By Michael McCarthy

Share markets regularly throw up head scratchers. Here’s the latest. Bluescope Steel (BSL) reported a 102% increase in profit on Monday. The shares were promptly sold down more than 23%. What gives?

There are a couple of contributing factors. The picture of 2018 painted by management was *ahem* cautious. They may have good reason to spell out potential hurdles. In results commentary that appeared aimed directly at Canberra, BSL’s management warned on energy costs and steel dumping. The result was guidance for a coming circa 18% drop in half-year earnings.

While appeals for government welfare are generally perceived as odious, the company laid bare the consequences of restrictions in gas exports and government interference in electricity markets. A 75% increase in energy costs in two years will cause any investor to pause. The call that 2018 sales are constrained by potential steel dumping is harder to sustain. The reality is that businesses tariff, protected for decades to the cost of the Australian taxpayer, get fairly short thrift when they complain about international competition. 

The company also announced a change of CEO, and the launch of ACCC action relating to alleged cartel behaviour in 2013 and 2014. The overwhelming consideration for BSL over the coming years is the health of the global economy and therefore the steel industry. While both regulation and succession must be taken seriously, neither of these issues looks economically material at this stage.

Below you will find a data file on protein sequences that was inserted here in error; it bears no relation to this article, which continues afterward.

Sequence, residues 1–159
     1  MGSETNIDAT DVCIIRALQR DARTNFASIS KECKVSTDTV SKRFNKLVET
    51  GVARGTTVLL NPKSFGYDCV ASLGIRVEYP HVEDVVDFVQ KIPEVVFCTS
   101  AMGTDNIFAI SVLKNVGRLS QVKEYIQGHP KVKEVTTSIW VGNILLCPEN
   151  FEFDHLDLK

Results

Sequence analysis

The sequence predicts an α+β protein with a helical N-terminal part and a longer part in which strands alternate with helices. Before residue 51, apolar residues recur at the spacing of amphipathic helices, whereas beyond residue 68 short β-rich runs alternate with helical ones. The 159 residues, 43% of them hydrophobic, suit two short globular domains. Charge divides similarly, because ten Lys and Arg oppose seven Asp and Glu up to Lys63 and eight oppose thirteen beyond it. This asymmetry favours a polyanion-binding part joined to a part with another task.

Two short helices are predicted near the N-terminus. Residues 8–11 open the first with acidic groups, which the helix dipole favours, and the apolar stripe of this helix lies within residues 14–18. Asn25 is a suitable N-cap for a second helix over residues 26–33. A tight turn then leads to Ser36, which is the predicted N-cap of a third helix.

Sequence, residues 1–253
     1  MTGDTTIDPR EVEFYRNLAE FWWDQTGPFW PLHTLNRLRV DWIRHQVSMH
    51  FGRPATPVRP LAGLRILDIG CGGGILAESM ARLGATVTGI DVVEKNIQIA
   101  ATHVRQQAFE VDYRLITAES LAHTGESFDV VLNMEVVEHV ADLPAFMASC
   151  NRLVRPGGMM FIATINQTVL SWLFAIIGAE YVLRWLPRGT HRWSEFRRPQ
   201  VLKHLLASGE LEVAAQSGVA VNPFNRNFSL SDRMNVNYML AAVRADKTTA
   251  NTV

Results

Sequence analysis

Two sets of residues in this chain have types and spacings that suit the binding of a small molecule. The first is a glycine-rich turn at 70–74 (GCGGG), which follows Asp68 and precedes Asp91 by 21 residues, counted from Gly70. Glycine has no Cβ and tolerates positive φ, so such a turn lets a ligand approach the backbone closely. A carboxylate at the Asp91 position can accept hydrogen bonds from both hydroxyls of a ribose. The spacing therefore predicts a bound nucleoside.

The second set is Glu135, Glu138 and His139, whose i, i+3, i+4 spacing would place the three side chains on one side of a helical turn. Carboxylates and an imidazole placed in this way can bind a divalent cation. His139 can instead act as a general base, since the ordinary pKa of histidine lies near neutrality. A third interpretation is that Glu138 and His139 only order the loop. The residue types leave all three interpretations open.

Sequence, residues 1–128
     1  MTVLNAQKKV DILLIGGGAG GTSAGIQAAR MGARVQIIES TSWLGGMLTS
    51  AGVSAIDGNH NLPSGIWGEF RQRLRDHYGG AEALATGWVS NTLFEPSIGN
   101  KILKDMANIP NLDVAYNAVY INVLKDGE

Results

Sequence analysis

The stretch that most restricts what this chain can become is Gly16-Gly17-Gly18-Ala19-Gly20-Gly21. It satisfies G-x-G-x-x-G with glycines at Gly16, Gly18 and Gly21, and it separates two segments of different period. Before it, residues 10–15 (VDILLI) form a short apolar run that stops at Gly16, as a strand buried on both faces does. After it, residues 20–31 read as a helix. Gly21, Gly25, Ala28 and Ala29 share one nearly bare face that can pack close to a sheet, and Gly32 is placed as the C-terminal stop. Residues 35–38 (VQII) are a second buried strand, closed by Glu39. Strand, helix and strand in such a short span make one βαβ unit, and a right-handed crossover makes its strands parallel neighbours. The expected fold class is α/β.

The chart shows how dramatically BSL was sold off. Importantly, it reached the persistent support around $11, and held. This may mean that the low on Monday as bad as it gets. A quick back of the envelope suggests that BSL is now trading on 13-14x, a discount to the market PE above 16x. I’m not a fan of the steel industry in Australia for long-term investment. However, in my opinion on a one-year view, BSL looks cheap at current prices.